Drug-Induced Motor Behavior

  • Peter H. Kelly
Part of the Handbook of Psychopharmacology book series (HBKPS)


The property of directed movement which most animals possess is a major difference between them and other living things and is largely responsible for their ability to manipulate their environment. In fact, active motor behavior appears to be crucial for perceptual development and learning (Held and Hein, 1963). Here we consider some of the neural mechanisms which underly three types of drug-induced motor behavior. The first of these, locomotor activity, is influenced not only by drugs but by a wide variety of genetic, developmental, hormonal, environmental, motivational, and endogenous rhythmic factors. It is hoped that elucidation of the mechanisms of drug-induced locomotor activity can provide clues as to how some of these other factors might affect locomotor behavior. The second type of activity, stereotyped behavior, is rarely seen in the undrugged animal but is reported to be a striking feature of human schizophrenic behavior (Bleuler, 1950). The third type of behavior, drug-induced circling, is generally studied in animals with some type of unilateral lesion but can be induced in the intact animal (Glick et al., 1976). The behavior is closely related to asymmetric dopaminergic activity in the corpora striata, and its study may reveal functional relationships within the basal ganglia and between them and other brain structures. For reasons of consistency the experiments considered here are mainly restricted to those performed on the rat.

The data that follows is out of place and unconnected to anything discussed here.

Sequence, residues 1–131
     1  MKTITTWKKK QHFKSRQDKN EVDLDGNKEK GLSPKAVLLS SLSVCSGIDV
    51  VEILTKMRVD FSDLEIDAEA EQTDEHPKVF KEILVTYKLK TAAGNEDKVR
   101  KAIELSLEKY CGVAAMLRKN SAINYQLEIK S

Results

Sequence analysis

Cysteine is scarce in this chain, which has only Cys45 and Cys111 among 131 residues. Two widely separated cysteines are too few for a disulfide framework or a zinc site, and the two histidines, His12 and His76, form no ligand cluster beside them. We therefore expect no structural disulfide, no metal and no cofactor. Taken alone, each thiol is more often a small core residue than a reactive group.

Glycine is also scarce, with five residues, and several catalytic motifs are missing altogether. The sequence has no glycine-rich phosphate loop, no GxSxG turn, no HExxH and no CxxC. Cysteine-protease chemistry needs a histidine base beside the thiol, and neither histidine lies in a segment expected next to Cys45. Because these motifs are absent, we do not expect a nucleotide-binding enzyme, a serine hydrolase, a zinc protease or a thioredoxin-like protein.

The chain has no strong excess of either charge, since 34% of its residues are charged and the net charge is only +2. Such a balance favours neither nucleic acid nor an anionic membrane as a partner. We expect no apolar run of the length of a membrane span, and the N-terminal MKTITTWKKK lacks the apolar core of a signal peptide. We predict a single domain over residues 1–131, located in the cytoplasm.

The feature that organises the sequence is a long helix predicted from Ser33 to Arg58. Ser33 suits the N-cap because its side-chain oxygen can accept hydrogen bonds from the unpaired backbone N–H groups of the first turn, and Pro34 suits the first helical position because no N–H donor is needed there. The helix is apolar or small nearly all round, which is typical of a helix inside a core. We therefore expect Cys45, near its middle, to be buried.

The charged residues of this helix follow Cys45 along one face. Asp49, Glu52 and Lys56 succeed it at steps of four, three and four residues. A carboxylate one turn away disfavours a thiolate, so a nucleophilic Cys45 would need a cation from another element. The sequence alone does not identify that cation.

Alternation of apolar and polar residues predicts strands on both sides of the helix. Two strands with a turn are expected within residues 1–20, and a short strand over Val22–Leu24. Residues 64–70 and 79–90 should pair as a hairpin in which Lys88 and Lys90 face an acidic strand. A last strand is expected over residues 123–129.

Locomotor Activity Dopamine Receptor Nucleus Accumbens Caudate Nucleus Stereotyped Behavior 
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Copyright information

© Plenum Press, New York 1977

Authors and Affiliations

  • Peter H. Kelly
    • 1
  1. 1.Department of PharmacologyMichigan State UniversityEast LansingUSA

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